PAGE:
As BKS Iyengar wrote in the Light on the Yoga Sutras of Patanjali "Non-attachment is the deliberate process of drawing away from attachment and personal affliction in which, neither binding oneself to duty nor cutting oneself off from it, one gladly helps all, near or far, friend or foe." The personal affliction part can be quite challenging when we are so attached to our own story in life. He continues with "Non attachment does not mean drawing inwards and shutting oneself off, but involves carrying out one's responsibilities without incurring obligation or inviting expectation."
In other words, release your attachment to your past experiences, do "the thing" whatever that "thing" might be for you and LET GO of the outcome for the future. Let it be.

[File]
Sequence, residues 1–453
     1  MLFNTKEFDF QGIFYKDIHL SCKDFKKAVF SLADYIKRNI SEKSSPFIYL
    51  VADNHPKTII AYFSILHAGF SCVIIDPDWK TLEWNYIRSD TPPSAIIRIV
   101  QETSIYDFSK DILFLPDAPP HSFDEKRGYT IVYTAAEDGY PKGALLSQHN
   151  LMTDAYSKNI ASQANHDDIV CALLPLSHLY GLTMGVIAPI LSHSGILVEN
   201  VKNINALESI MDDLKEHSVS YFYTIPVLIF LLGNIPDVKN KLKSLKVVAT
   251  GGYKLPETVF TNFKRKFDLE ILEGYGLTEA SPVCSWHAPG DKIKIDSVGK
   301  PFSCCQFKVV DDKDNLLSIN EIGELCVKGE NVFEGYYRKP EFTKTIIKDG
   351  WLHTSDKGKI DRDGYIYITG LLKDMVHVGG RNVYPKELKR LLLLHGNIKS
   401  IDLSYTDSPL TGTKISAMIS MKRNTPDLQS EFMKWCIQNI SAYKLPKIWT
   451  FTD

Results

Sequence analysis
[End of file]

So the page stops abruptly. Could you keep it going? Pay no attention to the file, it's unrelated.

The truth is that life sometimes goes exactly as planned and sometimes it takes us by surprise; it’s how we respond to the twist and turns on our path that create either resistance or acceptance.
The Popliteus muscle is a small triangular muscle that lives right behind the knee. This super small and super cool muscle seems to have two important functions. It assists in knee flexion and internal rotation of the lower leg. Sounds like an important job considering how many people have knee problems, and it’s a shame that this thin, flat muscle doesn’t get the fame and attention it deserves! Well I am here to change that, so let me tell you how cool this muscle really is…